"He's almost alone with Steve Jobs and Bill Gates in this rare generation of founders who were able to predict the future," said Brad Stone, a senior executive editor at Bloomberg Technology and author of "The Everything Store: Jeff Bezos and the Age of Amazon."

Amazon has been able to pour money into new investments and technology and bulldoze over competition because investors have bought into the plan Bezos first laid out in his 1998 shareholder letter: "We will continue to make investment decisions in light of long-term market leadership considerations rather than short-term profitability consideration," he told investors 20 years ago.

Related: Amazon's corporate bulldozer is fueled by Wall Street

Amazon's expensive price tag isn't a concern for investors either. Shareholders are willing to pay $222 for every $1 of earnings. The average price to earnings ratio for S&P 500 companies is under 20.

"There's a certain audience that will pay a premium for growth," Hottovy said.

Bezos takes risks and experiments in ways that would look puzzling for other companies. Investors cheer when Amazon enters a new industry or region because it means another way for Amazon to take market share from competitors and grow sales.

"Bezos and Amazon have proved themselves able to mint new businesses," Stone said.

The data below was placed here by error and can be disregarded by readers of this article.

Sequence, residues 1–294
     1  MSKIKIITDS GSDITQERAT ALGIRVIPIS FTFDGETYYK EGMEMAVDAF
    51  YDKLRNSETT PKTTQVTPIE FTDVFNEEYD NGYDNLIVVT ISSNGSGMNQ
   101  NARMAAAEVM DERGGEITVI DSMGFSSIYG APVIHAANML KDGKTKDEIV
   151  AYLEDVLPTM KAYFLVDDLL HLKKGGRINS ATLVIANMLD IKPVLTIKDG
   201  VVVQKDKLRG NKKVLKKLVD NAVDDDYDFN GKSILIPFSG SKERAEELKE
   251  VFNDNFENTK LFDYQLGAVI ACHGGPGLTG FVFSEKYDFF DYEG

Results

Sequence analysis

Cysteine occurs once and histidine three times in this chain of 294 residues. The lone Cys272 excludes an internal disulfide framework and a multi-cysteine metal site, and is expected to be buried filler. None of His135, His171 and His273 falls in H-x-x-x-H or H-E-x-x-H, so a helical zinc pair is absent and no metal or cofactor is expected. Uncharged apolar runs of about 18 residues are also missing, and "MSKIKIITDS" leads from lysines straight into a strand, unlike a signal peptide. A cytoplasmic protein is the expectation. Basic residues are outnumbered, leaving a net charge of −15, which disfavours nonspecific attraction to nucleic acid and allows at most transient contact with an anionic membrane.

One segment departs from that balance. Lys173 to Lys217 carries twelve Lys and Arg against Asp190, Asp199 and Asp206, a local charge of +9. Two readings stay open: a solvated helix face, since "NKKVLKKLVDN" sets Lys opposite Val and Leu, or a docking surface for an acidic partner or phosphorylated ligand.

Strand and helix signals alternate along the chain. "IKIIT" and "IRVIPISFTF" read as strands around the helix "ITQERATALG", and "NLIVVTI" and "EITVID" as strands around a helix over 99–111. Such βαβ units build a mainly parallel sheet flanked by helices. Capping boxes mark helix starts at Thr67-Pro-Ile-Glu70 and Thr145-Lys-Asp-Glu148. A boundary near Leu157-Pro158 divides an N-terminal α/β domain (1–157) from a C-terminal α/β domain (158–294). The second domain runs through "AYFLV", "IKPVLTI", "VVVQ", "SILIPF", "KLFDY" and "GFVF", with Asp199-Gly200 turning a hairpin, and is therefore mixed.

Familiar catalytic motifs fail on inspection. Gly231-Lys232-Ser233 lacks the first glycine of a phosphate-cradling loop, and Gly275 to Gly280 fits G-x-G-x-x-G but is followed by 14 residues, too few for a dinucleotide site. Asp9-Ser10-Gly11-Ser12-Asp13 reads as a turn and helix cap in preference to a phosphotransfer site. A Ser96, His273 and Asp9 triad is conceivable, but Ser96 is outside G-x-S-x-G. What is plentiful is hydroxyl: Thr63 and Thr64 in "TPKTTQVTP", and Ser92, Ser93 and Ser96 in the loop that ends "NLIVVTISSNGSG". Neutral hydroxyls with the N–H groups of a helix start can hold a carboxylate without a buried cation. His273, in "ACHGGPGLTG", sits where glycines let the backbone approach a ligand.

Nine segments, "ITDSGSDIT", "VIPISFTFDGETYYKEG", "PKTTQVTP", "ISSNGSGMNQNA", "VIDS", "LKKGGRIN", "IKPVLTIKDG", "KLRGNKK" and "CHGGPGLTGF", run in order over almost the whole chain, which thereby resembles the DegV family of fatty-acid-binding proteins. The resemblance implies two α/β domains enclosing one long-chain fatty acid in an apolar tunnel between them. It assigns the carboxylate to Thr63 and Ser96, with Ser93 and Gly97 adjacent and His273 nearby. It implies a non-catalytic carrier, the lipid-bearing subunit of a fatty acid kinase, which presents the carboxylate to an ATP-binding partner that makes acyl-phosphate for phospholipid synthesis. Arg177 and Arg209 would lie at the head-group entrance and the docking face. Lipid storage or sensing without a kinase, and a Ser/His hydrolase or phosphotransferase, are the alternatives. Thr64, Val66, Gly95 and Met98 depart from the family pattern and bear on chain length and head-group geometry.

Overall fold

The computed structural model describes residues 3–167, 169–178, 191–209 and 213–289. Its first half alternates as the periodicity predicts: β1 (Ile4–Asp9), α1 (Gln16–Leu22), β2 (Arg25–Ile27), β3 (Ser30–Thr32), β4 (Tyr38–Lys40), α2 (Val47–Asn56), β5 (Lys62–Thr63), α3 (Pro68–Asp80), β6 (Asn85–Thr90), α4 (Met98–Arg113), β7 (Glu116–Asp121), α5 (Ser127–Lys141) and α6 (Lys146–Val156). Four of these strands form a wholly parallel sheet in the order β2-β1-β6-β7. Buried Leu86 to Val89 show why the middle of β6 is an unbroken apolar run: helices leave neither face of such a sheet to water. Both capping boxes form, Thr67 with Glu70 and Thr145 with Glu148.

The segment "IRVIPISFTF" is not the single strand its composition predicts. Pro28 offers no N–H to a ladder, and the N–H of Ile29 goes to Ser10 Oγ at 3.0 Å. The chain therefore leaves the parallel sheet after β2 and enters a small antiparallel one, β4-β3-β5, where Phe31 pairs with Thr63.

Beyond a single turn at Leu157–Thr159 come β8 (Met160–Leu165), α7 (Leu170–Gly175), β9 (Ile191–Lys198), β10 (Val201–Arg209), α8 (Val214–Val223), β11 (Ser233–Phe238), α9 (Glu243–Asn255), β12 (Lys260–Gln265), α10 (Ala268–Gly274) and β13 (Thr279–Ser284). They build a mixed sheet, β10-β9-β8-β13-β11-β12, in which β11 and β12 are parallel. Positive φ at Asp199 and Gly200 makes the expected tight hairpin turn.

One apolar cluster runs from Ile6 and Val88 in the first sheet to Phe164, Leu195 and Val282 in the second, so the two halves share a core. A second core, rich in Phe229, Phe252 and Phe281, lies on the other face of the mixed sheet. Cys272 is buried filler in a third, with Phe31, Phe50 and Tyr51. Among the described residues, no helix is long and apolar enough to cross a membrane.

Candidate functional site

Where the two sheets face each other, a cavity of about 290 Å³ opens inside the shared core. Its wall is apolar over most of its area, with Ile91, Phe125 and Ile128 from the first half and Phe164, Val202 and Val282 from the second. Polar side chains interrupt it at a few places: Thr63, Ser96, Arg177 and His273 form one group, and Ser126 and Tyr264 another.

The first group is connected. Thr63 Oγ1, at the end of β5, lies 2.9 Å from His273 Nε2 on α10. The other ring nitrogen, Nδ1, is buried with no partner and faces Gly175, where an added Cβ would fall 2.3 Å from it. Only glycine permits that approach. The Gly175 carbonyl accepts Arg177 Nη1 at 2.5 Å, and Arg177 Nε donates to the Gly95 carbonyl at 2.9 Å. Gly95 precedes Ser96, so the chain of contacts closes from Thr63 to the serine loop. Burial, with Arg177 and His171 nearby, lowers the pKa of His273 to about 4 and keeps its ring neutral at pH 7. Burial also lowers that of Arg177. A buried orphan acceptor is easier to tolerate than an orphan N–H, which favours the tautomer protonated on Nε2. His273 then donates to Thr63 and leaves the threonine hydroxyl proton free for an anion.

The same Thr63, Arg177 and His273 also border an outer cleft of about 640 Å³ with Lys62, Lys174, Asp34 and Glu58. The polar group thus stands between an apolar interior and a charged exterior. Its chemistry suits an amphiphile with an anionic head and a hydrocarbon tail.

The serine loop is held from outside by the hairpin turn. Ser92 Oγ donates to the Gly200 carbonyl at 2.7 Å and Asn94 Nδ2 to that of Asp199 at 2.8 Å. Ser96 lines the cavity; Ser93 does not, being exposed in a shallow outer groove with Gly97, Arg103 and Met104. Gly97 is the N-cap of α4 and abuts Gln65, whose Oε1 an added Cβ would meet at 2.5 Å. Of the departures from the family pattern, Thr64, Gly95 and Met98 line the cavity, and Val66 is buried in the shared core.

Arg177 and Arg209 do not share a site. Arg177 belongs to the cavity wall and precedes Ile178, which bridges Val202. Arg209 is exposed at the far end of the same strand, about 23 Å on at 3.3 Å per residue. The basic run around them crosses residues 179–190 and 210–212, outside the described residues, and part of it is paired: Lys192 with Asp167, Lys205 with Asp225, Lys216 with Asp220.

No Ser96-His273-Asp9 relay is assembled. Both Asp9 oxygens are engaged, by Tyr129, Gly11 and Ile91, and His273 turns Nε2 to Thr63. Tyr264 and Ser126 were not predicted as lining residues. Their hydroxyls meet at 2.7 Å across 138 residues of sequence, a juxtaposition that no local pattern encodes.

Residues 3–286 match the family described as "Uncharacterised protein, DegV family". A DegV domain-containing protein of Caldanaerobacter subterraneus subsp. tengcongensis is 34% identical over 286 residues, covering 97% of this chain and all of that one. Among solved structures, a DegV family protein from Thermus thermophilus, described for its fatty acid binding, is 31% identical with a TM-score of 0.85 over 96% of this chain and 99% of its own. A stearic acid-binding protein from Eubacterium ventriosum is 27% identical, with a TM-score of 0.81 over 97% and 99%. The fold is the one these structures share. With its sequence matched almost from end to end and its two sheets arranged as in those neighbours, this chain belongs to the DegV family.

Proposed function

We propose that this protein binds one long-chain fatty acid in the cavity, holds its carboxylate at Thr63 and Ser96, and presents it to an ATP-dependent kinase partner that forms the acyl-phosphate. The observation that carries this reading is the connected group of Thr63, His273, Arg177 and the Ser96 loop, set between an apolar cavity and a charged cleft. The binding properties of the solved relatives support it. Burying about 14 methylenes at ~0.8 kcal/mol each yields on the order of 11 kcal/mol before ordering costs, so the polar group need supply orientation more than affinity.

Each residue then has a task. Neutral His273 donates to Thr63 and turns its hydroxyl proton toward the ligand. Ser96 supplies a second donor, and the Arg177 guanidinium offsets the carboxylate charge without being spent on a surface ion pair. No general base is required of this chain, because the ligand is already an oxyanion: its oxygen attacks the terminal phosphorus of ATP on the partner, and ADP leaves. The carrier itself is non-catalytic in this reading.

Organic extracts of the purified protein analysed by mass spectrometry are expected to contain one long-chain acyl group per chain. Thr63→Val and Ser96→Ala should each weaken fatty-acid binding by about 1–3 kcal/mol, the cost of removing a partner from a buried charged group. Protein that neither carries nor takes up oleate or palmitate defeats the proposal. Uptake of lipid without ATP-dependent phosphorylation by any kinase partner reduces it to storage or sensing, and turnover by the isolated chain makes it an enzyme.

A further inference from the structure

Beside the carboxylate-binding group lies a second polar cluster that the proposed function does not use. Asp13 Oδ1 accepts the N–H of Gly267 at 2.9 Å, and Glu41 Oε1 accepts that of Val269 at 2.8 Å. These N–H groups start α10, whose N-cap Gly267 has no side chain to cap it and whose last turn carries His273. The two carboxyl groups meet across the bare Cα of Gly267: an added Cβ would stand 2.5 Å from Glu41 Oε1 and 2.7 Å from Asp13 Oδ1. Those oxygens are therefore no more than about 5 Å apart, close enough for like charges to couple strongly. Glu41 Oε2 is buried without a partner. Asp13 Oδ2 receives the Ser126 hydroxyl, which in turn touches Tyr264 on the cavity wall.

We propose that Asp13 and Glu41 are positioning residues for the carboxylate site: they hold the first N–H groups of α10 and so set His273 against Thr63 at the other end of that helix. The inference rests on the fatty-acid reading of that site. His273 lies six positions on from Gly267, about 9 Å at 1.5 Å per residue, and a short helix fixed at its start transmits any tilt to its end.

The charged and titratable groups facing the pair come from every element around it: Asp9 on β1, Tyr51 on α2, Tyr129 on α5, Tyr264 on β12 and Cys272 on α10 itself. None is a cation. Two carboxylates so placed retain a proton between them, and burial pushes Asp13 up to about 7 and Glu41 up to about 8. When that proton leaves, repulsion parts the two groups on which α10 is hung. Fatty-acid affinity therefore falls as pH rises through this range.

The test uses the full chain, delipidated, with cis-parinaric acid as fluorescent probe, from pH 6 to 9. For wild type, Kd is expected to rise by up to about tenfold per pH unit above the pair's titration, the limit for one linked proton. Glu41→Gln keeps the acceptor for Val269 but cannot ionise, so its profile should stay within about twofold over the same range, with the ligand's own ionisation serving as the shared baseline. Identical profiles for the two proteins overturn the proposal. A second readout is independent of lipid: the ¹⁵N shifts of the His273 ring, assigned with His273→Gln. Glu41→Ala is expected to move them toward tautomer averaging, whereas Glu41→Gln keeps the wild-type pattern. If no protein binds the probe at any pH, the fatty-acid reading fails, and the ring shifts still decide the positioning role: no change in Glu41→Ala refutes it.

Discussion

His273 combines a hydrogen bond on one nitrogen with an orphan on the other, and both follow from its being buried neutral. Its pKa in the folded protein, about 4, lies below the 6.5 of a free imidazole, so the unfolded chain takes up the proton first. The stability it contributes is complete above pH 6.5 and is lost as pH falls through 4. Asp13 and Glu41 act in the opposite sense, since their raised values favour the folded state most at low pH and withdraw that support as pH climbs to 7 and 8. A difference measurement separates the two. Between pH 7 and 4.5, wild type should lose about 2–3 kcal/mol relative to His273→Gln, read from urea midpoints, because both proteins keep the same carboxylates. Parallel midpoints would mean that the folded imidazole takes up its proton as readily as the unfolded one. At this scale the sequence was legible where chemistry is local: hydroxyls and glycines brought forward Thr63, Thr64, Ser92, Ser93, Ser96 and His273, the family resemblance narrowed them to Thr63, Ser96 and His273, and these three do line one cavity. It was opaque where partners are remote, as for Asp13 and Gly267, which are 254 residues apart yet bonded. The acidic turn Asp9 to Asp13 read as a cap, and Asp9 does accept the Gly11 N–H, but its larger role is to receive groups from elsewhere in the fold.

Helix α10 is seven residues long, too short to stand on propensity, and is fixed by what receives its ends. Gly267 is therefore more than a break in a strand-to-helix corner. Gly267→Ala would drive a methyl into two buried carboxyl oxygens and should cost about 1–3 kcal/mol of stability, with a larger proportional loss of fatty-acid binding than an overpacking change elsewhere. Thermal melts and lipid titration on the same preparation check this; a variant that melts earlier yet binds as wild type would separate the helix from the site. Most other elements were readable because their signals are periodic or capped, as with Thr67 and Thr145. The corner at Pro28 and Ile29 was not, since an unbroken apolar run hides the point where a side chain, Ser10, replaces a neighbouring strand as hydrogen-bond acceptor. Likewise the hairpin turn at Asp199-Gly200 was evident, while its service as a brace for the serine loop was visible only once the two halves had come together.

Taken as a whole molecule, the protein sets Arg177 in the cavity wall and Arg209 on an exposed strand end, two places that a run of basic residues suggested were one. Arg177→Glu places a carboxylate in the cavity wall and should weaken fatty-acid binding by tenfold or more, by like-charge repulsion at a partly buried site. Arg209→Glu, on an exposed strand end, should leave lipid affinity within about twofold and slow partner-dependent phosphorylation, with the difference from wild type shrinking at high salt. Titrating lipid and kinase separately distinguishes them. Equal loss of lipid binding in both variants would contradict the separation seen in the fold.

-CNNMoney's Chris Isidore contributed to this story.

Mississippi Coronavirus Cases

Data is updated nightly.

Cases: 145636

Reported Deaths: 3745
CountyCasesDeaths
DeSoto963299
Hinds9584195
Harrison6848109
Jackson6124118
Rankin528598
Lee484295
Madison4633105
Forrest368186
Jones345287
Lauderdale3350143
Lafayette315049
Washington3097107
Lamar281849
Oktibbeha239261
Bolivar239083
Lowndes228863
Neshoba2164115
Panola211749
Marshall208350
Leflore200890
Pontotoc194728
Monroe190277
Sunflower189755
Lincoln186165
Warren172257
Tate164251
Union160925
Pike160458
Copiah158940
Yazoo151239
Scott150229
Itawamba147634
Coahoma147443
Pearl River144467
Simpson144253
Alcorn143925
Prentiss140429
Grenada136945
Adams136548
Leake131843
Holmes124961
George122224
Tippah121530
Covington117636
Winston116624
Wayne115823
Hancock114139
Marion111046
Attala107833
Tishomingo106142
Newton102729
Chickasaw102432
Tallahatchie95527
Clarke88553
Clay87027
Jasper81122
Walthall75028
Stone72414
Montgomery71925
Calhoun71613
Carroll70614
Lawrence70214
Yalobusha69427
Noxubee69217
Smith68816
Perry65225
Tunica59619
Greene58422
Claiborne57416
Jefferson Davis54217
Humphreys52618
Amite51214
Benton48417
Quitman4796
Webster42014
Kemper40917
Wilkinson38622
Jefferson33811
Franklin3235
Choctaw3077
Sharkey30617
Issaquena1114
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Alabama Coronavirus Cases

Cases: 236865

Reported Deaths: 3472
CountyCasesDeaths
Jefferson31043491
Mobile19446360
Tuscaloosa12684150
Madison12528146
Montgomery12122235
Shelby992276
Baldwin837684
Lee759765
Morgan626247
Calhoun6049113
Etowah600564
Marshall596153
Houston510838
DeKalb469635
Cullman421136
Limestone408844
St. Clair403955
Elmore398961
Lauderdale387253
Walker356199
Talladega339044
Jackson302524
Colbert297641
Blount282236
Autauga266139
Franklin246233
Coffee236615
Dale228454
Dallas222331
Russell21923
Chilton218537
Covington215933
Escambia196931
Tallapoosa171790
Chambers171448
Pike156014
Clarke155319
Marion135535
Winston126623
Lawrence123936
Geneva11848
Pickens117618
Marengo117424
Barbour116710
Bibb115717
Butler114341
Randolph100321
Cherokee99624
Hale93231
Washington89918
Clay89623
Fayette86216
Henry8436
Lowndes78929
Monroe77911
Cleburne75614
Macon71720
Crenshaw70330
Bullock69019
Conecuh68214
Perry6726
Lamar6337
Wilcox62818
Sumter56222
Choctaw41813
Greene41317
Coosa3144